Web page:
PET Lamp X Bula’bula artists for the NGV Triennial
Words: Manuela Millan
Following on from our previous article introducing the PET Lamp project, we were lucky enough to catch up with Alvaro as he was preparing for the upcoming NGV Triennial exhibition which will feature the PET Lamp collaboration with the Bula’bula artist weavers from Ramingining in the Northern Territory.
PET Lamp was invited by the National Gallery of Victoria to travel to Australia where they immersed themselves in the community at Ramingining in Australia’s north, working with eight indigenous artist weavers to create stunning circular lampshades using traditional local techniques.
The woven lampshades are made from pandanus palm tree leaves and feature the signature loose fringe of Bula’bula weavings. The rich earthy colours come from pigment extracted from the roots and leaves of local plants, which are pulverised, boiled with the pandanus leaves, and then dried in the sun.
The PETlamp team immersed themselves in the local community for the duration of the workshop and shared many memorable experiences. Alvaro was adopted by one of the artist weavers, Mary, who took him and the head of Product Development Enrique Romero de la Llana barefoot crab hunting in the mangroves near Ramingining.
The idea of combining the individual lampshades into one giant piece grew out of the multi-layered links which connect the artist weavers involved in the project. It began when Mary, a twin, brought two lamps instead of one, explaining that as a twin she has a dual vision of the world and always creates in pairs. This spurred the idea of connecting all the works together along family, geographic and spiritual bonds, eventually leading to the two completed works: Ramingining: Bukmukgu Guyananhawuy (Every family thinking forward) #1 & #2.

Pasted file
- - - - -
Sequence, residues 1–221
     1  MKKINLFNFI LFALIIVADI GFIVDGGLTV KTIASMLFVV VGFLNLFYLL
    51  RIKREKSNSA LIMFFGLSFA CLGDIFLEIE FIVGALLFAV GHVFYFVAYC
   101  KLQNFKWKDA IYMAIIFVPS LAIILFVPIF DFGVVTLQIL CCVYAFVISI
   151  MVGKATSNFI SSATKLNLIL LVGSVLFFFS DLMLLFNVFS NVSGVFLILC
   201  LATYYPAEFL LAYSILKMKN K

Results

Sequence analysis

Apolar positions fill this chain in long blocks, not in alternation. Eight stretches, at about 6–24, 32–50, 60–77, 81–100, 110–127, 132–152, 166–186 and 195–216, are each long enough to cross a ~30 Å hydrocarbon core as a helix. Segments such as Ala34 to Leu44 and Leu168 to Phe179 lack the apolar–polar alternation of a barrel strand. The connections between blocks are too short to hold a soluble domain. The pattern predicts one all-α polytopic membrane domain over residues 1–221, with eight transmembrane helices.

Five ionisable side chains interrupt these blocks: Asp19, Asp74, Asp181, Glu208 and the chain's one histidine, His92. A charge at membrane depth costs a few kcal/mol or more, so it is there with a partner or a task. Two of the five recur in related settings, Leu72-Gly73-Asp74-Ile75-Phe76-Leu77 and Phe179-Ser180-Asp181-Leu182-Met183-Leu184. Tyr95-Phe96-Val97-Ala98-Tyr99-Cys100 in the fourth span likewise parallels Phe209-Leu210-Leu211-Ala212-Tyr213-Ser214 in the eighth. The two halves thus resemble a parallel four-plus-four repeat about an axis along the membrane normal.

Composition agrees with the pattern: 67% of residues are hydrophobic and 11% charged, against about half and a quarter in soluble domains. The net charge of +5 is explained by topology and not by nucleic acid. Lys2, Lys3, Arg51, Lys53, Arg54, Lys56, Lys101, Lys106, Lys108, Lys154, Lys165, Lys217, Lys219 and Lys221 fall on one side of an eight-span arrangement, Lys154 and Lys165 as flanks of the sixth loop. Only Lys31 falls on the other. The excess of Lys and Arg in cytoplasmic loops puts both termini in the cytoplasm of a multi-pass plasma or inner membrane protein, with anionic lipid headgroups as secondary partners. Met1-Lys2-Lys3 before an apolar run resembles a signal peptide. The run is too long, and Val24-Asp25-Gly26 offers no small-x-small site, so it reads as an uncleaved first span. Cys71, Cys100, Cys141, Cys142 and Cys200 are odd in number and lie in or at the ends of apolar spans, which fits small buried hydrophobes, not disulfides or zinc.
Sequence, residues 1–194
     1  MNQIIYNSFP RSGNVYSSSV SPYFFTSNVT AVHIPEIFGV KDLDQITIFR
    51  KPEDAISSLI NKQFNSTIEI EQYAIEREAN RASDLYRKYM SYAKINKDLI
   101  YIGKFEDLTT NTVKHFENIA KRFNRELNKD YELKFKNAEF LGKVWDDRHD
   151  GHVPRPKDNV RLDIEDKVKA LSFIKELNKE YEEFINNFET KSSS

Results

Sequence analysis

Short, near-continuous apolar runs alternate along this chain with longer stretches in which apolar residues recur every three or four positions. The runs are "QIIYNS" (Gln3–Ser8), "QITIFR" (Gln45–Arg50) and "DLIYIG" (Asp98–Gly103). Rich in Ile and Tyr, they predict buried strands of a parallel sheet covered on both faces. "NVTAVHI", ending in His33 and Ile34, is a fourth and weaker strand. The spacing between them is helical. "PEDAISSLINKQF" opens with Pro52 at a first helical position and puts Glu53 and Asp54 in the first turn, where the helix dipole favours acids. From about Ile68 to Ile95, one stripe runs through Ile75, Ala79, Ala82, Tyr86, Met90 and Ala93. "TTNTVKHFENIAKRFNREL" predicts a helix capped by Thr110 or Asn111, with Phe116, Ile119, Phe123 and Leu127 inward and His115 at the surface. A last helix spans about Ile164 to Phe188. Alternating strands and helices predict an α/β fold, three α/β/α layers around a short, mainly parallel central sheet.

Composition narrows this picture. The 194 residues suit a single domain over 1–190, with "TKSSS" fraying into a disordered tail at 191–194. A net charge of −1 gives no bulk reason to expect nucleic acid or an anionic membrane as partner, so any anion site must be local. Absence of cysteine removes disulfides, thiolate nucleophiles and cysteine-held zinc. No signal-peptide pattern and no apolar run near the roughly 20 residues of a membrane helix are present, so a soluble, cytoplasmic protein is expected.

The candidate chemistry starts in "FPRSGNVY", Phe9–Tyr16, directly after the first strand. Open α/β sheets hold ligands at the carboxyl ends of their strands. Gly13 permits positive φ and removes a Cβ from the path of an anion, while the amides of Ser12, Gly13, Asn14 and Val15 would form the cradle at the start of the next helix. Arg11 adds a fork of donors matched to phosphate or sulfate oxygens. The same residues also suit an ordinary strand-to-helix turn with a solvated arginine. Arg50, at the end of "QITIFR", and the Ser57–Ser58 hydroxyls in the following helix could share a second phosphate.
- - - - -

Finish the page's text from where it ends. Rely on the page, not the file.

Alvaro and his team were struck by the remarkable visual similarity between the combined woven artwork and traditional indigenous paintings.
We feel that there is a strong connection between the painting and the textile. They almost look like they are woven paintings and the paintings almost look woven.
The next challenge was how to hang the work and bring electricity to the many bulbs without intruding or overshadowing the artwork. PET Lamp has created a fine and unobtrusive wire system which serves as both structural anchor and electrical wiring without detracting from the power of the piece. When lit up it creates an intricate pattern of shadow and light on the ceiling above while illuminating the fine detail and bringing an enhanced sense of awe to the observer.
The work is visually spectacular both in size and complexity and it is difficult to describe the feeling of seeing it in person. It is a testament to the skill of the Ramingining artist weavers and the dedication of the PET Lamp team to push the boundaries of ecology, design, and social impact to create a complex and meaningful piece of art.
Ramingining: Bukmukgu Guyananhawuy (Every family thinking forward) #2 is on display at the National Gallery of Victoria as part of the Triennial exhibitoin from 15 December 2017 until 15 April 2018.